As I sat in the chamber of the U.S. Supreme Court this morning, I took a moment to savor this final step in the long march towards justice. It is truly an emotionally staggering day.
When the city of San Francisco started on this journey in 2004, we were very aware that marrying same-sex couples would lead to litigation. We were also cognizant that we could have moved forward with a legal battle without challenging state law. But discrimination and inequality is as much about people as it is the law, and in marrying Phyllis Lyon and the late Del Martin, a loving committed couple of 50 years, we put a human face to marriage inequality.
The human faces – mothers, fathers, sisters, brothers, daughters, sons, grandchildren – have turned the cultural and political tide of this country. The monumental shift in public opinion during the last decade is a tribute to the hard work of LGBT activists and allies who continue to battle at the ballot box for equal treatment under the law – state-by-state, vote-by-vote. LGBT communities across this nation have won over individuals of all religious and political persuasions by rationally advancing that there is no basis in singling out gay men and lesbians for denial of the basic rights guaranteed in the U.S. Constitution.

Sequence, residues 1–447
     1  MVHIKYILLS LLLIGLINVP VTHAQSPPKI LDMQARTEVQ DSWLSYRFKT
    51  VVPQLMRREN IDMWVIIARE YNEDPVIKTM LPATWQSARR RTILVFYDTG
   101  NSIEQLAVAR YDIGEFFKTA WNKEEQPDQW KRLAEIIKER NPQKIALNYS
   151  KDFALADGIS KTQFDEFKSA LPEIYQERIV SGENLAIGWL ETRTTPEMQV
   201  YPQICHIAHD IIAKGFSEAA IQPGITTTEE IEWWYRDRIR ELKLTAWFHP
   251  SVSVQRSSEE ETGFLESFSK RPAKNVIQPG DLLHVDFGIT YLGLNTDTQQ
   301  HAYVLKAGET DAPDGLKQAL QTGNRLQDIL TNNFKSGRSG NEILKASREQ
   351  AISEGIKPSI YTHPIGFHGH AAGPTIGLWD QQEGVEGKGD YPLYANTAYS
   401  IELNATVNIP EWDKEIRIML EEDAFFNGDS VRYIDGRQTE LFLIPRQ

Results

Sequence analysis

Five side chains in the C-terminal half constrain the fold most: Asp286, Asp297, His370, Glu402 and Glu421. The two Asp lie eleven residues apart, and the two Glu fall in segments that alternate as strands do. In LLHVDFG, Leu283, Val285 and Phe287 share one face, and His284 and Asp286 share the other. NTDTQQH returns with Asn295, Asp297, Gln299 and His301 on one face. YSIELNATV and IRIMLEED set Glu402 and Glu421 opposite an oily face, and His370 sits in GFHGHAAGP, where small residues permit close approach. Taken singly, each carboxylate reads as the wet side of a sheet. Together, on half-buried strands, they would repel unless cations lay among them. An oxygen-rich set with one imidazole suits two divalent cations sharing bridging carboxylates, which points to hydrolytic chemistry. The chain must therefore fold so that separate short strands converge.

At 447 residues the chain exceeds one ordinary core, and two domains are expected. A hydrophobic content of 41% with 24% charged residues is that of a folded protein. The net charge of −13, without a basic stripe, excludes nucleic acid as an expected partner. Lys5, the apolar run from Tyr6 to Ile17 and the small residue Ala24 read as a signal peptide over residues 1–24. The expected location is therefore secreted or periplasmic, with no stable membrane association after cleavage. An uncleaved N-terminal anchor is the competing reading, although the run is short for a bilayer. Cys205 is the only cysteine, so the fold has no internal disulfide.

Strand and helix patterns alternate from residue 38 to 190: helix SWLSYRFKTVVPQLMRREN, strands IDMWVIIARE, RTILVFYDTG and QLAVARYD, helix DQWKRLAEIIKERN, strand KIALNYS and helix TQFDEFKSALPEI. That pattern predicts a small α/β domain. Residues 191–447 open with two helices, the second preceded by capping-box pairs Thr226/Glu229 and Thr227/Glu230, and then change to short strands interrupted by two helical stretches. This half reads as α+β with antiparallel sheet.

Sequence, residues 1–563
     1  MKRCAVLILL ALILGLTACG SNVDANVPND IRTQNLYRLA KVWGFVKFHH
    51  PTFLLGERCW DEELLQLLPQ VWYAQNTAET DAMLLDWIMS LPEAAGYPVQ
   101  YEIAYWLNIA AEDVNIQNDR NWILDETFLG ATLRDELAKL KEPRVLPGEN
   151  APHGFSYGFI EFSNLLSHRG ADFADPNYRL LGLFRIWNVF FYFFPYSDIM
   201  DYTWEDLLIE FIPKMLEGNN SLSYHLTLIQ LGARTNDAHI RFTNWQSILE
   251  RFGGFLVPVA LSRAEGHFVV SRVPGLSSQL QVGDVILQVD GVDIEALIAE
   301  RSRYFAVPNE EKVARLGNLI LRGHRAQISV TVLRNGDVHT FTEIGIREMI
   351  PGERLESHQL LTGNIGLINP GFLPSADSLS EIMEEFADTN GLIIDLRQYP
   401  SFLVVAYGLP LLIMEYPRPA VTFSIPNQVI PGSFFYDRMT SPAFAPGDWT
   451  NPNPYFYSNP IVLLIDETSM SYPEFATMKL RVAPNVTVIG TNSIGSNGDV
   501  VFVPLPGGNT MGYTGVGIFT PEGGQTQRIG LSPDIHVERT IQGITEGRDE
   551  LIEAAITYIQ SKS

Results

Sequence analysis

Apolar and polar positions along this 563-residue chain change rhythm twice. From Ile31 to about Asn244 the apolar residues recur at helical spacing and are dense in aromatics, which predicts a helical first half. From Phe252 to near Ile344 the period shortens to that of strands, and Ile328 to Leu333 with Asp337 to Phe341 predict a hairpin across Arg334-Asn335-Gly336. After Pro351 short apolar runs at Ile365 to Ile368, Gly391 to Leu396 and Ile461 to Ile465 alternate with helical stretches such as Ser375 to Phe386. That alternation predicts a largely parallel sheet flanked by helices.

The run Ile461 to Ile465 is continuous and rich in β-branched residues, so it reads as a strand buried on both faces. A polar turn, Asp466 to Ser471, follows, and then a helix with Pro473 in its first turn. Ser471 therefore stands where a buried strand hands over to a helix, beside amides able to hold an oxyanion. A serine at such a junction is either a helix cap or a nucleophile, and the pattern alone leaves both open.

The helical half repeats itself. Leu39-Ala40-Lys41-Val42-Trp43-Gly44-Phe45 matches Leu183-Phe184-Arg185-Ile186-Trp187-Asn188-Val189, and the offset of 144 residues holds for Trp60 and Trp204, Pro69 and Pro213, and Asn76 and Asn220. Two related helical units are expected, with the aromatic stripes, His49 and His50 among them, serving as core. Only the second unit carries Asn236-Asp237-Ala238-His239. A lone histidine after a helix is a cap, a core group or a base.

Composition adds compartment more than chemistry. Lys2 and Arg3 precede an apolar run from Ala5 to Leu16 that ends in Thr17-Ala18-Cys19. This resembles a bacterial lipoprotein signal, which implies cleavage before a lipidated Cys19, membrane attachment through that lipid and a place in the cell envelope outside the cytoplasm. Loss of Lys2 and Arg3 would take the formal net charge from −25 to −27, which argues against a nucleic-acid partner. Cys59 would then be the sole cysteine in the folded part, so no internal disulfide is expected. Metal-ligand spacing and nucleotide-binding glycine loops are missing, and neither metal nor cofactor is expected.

I salute Ted Olson, David Boies and the American Federation for Equal Rights as well as Dennis Herrera, Therese Stewart and the staff of San Francisco City Attorney’s Office for their tireless passion and staunch commitment as the fight maneuvered through the legal system. Olson’s pointed argument before the Justices of the Supreme Court was eloquent and persuasive, establishing a powerful narrative for equal treatment under law.
We are on the verge of the ultimate victory for same-sex couples. Now, as we patiently await the final verdict by the Supreme Court, I believe that a majority of justices will validate that those who yearn to live in loving, committed relationships can do so without the stain of discrimination.
A decision from the Supreme Court in Hollingsworth v. Perry is expected by the end of June 2013.